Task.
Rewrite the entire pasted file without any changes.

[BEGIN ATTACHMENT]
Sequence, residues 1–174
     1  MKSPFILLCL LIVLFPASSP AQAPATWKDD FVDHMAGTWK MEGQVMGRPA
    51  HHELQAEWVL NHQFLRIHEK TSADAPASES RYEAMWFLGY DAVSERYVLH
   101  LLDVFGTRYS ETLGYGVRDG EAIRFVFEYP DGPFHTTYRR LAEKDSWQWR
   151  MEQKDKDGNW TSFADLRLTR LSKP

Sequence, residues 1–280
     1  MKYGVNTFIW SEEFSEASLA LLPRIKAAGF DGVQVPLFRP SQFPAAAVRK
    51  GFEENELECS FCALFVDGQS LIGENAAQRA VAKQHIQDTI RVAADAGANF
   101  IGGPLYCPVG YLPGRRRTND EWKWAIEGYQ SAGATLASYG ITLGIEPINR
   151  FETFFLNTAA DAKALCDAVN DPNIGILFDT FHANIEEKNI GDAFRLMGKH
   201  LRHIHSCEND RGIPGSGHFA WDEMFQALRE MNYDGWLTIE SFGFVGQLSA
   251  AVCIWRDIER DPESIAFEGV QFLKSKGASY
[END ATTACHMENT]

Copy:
Sequence, residues 1–174
     1  MKSPFILLCL LIVLFPASSP AQAPATWKDD FVDHMAGTWK MEGQVMGRPA
    51  HHELQAEWVL NHQFLRIHEK TSADAPASES RYEAMWFLGY DAVSERYVLH
   101  LLDVFGTRYS ETLGYGVRDG EAIRFVFEYP DGPFHTTYRR LAEKDSWQWR
   151  MEQKDKDGNW TSFADLRLTR LSKP

Sequence, residues 1–280
     1  MKYGVNTFIW SEEFSEASLA LLPRIKAAGF DGVQVPLFRP SQFPAAAVRK
    51  GFEENELECS FCALFVDGQS LIGENAAQRA VAKQHIQDTI RVAADAGANF
   101  IGGPLYCPVG YLPGRRRTND EWKWAIEGYQ SAGATLASYG ITLGIEPINR
   151  FETFFLNTAA DAKALCDAVN DPNIGILFDT FHANIEEKNI GDAFRLMGKH
   201  LRHIHSCEND RGIPGSGHFA WDEMFQALRE MNYDGWLTIE SFGFVGQLSA
   251  AVCIWRDIER DPESIAFEGV QFLKSKGASY